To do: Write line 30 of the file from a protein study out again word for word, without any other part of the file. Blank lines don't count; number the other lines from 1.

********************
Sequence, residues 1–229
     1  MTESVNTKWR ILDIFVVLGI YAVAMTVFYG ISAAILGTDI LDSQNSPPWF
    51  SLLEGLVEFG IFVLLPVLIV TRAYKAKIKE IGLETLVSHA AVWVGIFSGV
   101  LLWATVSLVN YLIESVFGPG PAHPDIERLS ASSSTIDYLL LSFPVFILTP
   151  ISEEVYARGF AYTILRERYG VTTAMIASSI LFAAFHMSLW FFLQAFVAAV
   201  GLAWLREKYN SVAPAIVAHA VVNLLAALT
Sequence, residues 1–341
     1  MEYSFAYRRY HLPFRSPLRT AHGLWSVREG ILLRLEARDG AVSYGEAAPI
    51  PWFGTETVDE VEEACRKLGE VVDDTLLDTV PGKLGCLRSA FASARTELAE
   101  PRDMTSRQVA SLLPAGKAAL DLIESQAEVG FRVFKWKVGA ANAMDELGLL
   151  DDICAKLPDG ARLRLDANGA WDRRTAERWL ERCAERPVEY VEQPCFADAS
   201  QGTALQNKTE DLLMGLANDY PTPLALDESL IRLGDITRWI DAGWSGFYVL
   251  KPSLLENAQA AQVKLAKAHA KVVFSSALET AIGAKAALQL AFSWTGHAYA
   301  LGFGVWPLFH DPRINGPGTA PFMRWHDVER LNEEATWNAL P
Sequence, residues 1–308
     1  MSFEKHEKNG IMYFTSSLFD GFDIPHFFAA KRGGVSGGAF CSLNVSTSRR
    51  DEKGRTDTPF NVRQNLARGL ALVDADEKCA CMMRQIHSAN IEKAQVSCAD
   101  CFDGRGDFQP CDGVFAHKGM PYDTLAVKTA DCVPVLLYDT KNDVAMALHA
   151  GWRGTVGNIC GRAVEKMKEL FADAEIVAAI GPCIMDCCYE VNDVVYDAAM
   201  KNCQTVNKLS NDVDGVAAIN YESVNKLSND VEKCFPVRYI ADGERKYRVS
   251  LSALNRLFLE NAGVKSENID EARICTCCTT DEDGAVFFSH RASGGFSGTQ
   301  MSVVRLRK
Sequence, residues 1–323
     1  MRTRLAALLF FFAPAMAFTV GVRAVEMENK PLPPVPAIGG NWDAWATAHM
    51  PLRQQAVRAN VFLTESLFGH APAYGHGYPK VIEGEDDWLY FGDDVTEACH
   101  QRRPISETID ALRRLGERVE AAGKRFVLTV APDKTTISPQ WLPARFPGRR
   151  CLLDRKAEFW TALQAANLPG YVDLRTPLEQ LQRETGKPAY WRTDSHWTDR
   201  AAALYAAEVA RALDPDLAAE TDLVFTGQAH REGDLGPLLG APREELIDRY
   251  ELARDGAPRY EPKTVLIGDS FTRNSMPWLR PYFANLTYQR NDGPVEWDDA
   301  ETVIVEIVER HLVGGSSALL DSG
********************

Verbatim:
   301  ETVIVEIVER HLVGGSSALL DSG